Independent filmmaker Jonas Carpignano will soon bow his next feature — “A Ciambra,” inspired by his short of the same name — at the festival that helped explode his very promising career. Carpignano’s ambitious “Mediterranea” premiered at Cannes in 2015 as part of the Critics’ Week lineup, where the intimate look at the refugee situation in Italy earned him major accolades and made it clear he was one to watch.
Carpignano returns to the festival with another feature that explores misunderstood and complex communities by blending fact and fiction — this time around, the Romani people of Europe. Spinning off his 2014 short, the film follows young Pio Amato (who also starred in the short and appeared in “Mediterranea”) as he comes off age through a series of upheavals.
Per the film’s official synopsis: “In ‘A Ciambra,’ a small Romani community in Calabria, Pio Amato is desperate to grow up fast. At 14, he drinks, smokes and is one of the few to easily slide between the region’s factions – the local Italians, the African refugees and his fellow Romani. Pio follows his older brother Cosimo everywhere, learning the necessary skills for life on the streets of their hometown. When Cosimo disappears and things start to go wrong, Pio sets out to prove he’s ready to step into his big brother’s shoes but soon finds himself faced with an impossible decision that will show if he is truly ready to become a man.”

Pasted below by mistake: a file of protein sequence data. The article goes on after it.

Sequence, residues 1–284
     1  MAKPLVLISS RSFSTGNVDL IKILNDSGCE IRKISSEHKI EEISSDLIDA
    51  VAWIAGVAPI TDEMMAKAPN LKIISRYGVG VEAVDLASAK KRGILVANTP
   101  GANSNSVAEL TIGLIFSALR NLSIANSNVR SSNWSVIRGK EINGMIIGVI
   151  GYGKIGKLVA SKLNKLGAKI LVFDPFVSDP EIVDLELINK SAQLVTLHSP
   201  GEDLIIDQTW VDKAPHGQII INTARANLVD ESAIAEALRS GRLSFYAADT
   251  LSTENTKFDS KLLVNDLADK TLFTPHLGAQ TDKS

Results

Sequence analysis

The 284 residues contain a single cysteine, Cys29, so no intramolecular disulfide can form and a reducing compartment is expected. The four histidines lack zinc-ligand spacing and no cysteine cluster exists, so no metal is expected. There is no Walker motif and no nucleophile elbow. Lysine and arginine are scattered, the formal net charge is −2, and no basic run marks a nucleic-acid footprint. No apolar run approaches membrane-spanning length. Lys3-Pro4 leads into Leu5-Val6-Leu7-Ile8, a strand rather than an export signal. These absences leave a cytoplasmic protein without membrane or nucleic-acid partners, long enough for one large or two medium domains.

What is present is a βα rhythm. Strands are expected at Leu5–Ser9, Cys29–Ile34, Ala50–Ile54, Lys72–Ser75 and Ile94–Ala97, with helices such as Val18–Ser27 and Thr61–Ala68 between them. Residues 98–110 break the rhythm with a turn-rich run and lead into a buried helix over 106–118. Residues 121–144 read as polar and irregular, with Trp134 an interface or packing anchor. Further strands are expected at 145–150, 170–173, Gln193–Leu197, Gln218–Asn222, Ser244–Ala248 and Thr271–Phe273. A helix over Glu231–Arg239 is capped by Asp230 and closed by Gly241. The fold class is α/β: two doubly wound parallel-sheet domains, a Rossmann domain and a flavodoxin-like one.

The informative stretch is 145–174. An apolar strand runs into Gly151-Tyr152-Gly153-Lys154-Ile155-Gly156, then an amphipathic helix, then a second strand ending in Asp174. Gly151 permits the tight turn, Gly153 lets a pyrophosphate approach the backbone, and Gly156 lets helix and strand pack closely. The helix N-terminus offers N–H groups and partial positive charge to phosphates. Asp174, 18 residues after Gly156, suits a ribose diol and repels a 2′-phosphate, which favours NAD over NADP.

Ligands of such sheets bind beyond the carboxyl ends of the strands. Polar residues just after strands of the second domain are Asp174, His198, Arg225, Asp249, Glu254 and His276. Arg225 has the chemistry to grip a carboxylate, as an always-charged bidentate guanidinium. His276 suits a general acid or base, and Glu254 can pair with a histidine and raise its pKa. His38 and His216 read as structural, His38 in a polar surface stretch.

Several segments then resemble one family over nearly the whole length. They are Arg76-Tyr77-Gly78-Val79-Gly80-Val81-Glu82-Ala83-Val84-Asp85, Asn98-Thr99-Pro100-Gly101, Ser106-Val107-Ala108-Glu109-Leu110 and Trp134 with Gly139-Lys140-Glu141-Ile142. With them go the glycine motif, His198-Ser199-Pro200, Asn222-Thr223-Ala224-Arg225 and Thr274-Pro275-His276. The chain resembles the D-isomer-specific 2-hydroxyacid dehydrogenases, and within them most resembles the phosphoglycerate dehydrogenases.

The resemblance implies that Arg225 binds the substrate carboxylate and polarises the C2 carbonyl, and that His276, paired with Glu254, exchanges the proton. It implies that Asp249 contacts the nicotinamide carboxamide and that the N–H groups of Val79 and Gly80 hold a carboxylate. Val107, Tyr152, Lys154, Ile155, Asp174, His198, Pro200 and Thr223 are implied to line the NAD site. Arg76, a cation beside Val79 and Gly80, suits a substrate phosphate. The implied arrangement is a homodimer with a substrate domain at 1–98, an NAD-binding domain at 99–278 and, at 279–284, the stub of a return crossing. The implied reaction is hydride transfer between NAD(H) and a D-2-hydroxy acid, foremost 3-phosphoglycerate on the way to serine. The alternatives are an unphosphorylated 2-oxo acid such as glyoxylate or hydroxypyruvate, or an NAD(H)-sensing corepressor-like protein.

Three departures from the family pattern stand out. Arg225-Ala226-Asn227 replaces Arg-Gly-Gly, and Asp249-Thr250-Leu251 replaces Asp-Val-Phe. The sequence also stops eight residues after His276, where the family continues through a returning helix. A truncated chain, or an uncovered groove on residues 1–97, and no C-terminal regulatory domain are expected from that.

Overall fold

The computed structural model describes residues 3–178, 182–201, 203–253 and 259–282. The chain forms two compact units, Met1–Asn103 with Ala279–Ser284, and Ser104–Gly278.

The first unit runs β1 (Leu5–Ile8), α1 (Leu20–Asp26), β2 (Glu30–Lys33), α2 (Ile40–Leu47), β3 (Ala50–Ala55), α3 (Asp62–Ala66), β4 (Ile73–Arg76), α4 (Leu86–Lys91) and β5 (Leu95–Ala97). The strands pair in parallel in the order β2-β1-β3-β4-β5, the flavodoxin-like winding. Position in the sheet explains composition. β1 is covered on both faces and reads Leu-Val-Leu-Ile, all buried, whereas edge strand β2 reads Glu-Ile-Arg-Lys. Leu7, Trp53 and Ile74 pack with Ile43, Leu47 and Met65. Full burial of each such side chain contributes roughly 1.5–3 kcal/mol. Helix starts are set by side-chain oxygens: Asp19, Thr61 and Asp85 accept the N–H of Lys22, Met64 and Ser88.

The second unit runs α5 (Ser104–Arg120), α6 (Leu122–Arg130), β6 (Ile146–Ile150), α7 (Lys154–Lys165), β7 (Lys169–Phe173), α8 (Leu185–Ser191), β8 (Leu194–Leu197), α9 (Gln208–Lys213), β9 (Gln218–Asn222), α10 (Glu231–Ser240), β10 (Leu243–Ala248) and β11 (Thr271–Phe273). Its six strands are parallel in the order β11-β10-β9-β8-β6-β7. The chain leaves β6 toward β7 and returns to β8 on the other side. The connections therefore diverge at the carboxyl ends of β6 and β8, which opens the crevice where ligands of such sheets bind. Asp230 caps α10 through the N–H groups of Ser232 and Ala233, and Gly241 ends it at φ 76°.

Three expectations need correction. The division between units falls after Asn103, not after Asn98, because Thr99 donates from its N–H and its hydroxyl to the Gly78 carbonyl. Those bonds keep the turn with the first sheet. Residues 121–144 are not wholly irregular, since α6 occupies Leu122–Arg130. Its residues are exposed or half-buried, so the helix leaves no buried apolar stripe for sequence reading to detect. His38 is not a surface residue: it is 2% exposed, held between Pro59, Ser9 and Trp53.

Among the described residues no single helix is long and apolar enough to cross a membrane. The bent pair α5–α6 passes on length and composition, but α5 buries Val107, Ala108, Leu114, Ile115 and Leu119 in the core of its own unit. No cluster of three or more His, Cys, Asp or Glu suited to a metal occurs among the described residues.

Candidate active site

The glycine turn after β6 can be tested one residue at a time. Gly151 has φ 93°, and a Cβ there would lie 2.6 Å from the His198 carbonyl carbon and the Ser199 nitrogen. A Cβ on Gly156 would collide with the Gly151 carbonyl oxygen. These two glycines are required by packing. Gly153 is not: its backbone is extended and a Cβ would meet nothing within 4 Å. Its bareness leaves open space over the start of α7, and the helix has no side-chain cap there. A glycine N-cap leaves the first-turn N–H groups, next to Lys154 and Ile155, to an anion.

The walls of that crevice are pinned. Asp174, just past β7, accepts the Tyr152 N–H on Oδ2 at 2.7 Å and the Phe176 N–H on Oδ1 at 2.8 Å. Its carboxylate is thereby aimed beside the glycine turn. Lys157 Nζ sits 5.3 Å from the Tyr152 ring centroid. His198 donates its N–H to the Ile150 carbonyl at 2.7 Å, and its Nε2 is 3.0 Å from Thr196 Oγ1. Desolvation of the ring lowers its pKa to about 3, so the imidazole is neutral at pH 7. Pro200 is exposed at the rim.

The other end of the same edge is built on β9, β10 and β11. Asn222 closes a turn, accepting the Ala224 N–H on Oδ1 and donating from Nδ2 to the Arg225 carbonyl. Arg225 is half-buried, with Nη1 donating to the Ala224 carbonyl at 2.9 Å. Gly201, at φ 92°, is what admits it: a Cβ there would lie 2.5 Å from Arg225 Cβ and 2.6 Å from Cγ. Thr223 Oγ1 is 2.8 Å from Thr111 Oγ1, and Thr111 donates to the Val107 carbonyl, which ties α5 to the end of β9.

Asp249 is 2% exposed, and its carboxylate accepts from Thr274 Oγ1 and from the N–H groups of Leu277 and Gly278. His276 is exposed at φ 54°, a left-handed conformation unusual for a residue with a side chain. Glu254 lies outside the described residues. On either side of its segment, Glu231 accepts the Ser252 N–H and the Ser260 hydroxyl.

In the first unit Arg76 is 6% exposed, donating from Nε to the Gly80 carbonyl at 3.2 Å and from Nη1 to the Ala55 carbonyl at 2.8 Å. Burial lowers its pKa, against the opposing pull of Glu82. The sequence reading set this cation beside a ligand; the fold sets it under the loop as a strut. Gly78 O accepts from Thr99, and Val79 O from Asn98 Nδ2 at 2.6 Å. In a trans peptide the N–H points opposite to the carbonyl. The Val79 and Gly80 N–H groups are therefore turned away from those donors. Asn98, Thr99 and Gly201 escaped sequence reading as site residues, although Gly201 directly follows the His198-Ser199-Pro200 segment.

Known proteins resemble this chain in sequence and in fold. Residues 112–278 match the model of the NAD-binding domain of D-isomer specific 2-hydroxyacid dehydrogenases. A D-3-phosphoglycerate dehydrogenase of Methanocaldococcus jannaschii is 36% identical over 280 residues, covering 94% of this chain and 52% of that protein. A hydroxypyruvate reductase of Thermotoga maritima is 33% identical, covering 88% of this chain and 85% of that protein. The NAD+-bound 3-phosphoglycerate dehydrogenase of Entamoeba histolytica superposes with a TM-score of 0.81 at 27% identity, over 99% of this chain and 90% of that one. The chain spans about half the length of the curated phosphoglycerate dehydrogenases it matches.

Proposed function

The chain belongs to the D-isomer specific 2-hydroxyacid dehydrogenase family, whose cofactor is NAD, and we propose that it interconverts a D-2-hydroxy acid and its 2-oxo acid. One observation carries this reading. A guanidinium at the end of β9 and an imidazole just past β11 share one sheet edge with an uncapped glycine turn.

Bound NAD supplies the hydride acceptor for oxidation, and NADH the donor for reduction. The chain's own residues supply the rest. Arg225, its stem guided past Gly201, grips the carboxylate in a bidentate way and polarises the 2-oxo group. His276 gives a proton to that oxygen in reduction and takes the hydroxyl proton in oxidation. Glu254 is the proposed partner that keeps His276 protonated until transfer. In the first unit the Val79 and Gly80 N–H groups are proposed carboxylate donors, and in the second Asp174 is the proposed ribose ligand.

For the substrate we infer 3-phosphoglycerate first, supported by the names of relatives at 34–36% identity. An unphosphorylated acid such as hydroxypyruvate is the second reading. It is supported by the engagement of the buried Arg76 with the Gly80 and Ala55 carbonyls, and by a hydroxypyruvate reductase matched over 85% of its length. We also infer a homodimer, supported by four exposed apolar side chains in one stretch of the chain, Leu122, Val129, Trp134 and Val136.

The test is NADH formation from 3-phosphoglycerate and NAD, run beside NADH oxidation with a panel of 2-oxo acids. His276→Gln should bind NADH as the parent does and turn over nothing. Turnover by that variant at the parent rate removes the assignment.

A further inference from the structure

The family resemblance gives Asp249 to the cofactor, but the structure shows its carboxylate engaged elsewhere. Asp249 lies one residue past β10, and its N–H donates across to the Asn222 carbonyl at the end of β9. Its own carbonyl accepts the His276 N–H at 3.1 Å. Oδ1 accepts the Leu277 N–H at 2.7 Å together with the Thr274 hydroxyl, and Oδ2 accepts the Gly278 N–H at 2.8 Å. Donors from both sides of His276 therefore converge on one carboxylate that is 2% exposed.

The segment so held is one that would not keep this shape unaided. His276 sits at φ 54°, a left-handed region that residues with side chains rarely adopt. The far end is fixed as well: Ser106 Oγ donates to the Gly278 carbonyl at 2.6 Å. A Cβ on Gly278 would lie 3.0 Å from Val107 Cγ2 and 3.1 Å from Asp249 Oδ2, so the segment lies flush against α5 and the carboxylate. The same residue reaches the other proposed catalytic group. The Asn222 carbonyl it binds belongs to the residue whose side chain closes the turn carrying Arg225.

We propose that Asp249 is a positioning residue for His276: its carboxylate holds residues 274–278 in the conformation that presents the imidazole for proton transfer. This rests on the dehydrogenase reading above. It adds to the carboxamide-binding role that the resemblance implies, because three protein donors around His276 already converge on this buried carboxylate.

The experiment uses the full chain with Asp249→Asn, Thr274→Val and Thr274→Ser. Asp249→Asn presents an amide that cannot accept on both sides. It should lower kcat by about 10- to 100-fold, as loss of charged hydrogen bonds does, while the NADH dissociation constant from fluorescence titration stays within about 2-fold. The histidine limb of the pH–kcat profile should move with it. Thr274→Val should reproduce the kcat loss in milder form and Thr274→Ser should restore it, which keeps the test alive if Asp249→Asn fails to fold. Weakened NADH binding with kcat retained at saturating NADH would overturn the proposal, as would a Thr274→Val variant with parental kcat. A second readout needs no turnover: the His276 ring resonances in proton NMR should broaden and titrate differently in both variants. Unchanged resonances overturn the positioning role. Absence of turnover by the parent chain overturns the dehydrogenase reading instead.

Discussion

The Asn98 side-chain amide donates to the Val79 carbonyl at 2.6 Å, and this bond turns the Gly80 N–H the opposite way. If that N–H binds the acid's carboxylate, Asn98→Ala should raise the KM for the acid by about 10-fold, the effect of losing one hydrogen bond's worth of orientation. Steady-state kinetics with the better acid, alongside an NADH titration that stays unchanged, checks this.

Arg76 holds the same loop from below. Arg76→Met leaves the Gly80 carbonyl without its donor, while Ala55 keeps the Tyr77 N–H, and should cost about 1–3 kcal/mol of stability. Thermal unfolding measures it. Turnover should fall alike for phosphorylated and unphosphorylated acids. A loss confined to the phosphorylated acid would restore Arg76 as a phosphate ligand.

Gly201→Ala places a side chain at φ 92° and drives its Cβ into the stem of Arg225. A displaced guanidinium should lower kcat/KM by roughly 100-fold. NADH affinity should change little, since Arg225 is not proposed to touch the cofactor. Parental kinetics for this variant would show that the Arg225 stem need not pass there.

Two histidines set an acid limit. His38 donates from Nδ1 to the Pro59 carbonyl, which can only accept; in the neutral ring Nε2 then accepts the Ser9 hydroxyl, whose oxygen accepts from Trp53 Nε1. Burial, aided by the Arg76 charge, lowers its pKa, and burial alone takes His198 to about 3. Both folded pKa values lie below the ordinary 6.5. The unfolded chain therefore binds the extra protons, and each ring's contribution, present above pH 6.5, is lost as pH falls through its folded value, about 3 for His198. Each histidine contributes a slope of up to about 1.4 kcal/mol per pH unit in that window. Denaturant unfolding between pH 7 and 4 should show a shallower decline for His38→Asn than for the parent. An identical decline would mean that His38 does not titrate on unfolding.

The film is the first one to be produced under Martin Scorsese’s as-yet-unnamed fund to help emerging filmmakers, which is debuting at the festival this year. The new fund is a partnership between Scorsese and Emma Tillinger Koskoff’s Sikelia Productions and Brazil-based RT Features.
Carpignano’s first feature was nominated for both the Critics Week Grand Prize and the Golden Camera at Cannes. It also enjoyed a very healthy awards season run, picking up three Indie Spirit Award nominations (including Best First Feature) and a pair of Gotham nods, with Carpignano ultimately winning the 2015 Bingham Ray Breakthrough Director Award at the annual event.
When we spoke to him in 2015 about the film, he emphasized his strong desire to bring true humanity to the big screen. “The whole point of making the film was hopefully to make people stop talking about the topic like a topic. The general idea is they are actual human beings we’re talking about right now,” he explained. That attitude appears to have carried over to his “A Ciambra.”
Check out our exclusive poster for “A Ciambra” below.
The Cannes Film Festival runs May 17 – 28.